1980 Presidential Debate Reagan v. Carter video and transcript, second issue: Inflation

https://i0.wp.com/www.reagan.utexas.edu/archives/photographs/large/c21878-25.jpg
President Reagan and Nancy Reagan posing with Rock Hudson at White House State Dinner for President De La Madrid of Mexico. 5/15/84 .

1980 Presidential Candidate Debate: Governor Ronald Reagan and President Jimmy Carter – 10/28/80

Above is the video of the complete debate. Below is the second part of the transcript that deals with the issue of inflation among other things. This segment ends at 28 minute mark. Also if you want to know how Ronald Reagan did cure inflation then all you have to do is check out the film series by Milton Friedman called Free to Choose and the episode “How to Cure Inflation.” I have done three previous posts on it. (Number 1, Number 2, and Number 3)

(R Row, from front to rear) Milton Friedman, George Shultz, Pres. Ronald Reagan, Arthur Burns, William Simon and Walter Wriston & unknown at a meeting of White House economic advisers.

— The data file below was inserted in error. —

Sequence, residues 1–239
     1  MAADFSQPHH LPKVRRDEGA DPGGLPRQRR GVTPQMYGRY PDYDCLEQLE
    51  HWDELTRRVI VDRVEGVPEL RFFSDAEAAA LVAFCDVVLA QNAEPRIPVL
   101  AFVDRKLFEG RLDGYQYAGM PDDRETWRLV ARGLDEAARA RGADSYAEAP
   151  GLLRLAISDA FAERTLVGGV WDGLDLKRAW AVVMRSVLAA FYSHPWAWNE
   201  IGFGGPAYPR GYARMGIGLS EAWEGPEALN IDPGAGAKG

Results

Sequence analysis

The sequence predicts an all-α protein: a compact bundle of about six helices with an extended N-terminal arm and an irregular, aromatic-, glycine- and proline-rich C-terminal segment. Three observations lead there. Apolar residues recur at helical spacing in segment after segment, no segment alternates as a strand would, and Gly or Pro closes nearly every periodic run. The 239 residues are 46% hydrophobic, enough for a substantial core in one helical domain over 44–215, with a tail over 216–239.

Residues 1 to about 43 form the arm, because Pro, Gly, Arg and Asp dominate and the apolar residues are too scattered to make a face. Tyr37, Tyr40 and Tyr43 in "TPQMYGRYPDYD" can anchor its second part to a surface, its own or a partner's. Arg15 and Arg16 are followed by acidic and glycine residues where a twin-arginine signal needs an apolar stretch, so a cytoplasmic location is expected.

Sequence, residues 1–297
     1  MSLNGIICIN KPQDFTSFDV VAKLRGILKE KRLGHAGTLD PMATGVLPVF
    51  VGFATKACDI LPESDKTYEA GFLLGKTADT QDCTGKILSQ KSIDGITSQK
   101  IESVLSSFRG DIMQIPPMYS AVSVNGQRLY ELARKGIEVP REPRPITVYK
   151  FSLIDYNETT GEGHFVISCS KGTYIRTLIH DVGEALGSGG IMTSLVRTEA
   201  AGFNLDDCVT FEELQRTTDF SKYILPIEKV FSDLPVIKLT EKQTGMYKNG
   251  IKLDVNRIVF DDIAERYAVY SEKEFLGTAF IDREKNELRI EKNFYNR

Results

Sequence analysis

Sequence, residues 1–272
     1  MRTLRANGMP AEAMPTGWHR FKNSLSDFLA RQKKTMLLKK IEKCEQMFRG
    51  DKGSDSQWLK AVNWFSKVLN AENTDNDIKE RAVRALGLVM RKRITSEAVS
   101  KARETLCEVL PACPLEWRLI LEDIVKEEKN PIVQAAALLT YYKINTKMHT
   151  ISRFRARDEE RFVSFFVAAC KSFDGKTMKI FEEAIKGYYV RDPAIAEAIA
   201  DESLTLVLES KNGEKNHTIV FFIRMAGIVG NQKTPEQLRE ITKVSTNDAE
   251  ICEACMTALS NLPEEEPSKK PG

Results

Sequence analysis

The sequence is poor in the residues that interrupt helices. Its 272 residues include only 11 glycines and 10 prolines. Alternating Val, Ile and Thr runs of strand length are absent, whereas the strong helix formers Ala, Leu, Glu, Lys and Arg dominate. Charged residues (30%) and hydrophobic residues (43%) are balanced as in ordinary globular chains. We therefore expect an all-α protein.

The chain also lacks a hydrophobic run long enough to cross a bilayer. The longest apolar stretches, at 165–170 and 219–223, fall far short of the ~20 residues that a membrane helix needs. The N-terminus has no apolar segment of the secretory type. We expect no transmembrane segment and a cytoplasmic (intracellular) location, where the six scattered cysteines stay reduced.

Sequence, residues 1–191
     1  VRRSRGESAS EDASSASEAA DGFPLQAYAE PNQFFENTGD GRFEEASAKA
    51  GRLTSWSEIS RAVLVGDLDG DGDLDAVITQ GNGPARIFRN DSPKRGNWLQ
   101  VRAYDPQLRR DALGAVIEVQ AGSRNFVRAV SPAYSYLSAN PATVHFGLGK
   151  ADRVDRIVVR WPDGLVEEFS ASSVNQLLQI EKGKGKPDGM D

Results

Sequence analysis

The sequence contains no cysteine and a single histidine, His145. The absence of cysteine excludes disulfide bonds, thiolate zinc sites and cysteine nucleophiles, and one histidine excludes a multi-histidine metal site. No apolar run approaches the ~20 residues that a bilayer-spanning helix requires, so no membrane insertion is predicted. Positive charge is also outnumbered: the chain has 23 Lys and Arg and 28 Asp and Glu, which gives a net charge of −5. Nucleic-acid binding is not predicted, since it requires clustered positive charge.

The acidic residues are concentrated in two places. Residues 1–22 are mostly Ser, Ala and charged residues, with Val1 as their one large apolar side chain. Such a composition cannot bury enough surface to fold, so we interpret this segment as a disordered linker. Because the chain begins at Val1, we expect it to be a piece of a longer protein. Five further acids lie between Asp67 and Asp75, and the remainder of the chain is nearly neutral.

(R Row, from front to rear) Milton Friedman, George Shultz, Pres. Ronald Reagan, Arthur Burns, William Simon and Walter Wriston & unknown at a meeting of White House economic

October 28, 1980 Debate Transcript

October 28, 1980

The Carter-Reagan Presidential Debate

MR. SMITH: Thank you gentlemen. The next question is from Harry Ellis to President Carter.

MR. ELLIS, CHRISTIAN SCIENCE MONITOR: Mr. President, when you were elected in 1976, the Consumer Price Index stood at 4.8%. It now stands at more than 12%. Perhaps more significantly, the nation’s broader, underlying inflation rate has gone up from 7% to 9%. Now, a part of that was due to external factors beyond U.S. control, notably the more than doubling. of oil prices by OPEC last year. Because the United States remains vulnerable to such external shocks, can inflation in fact be controlled? If so, what measures would you pursue in a second term?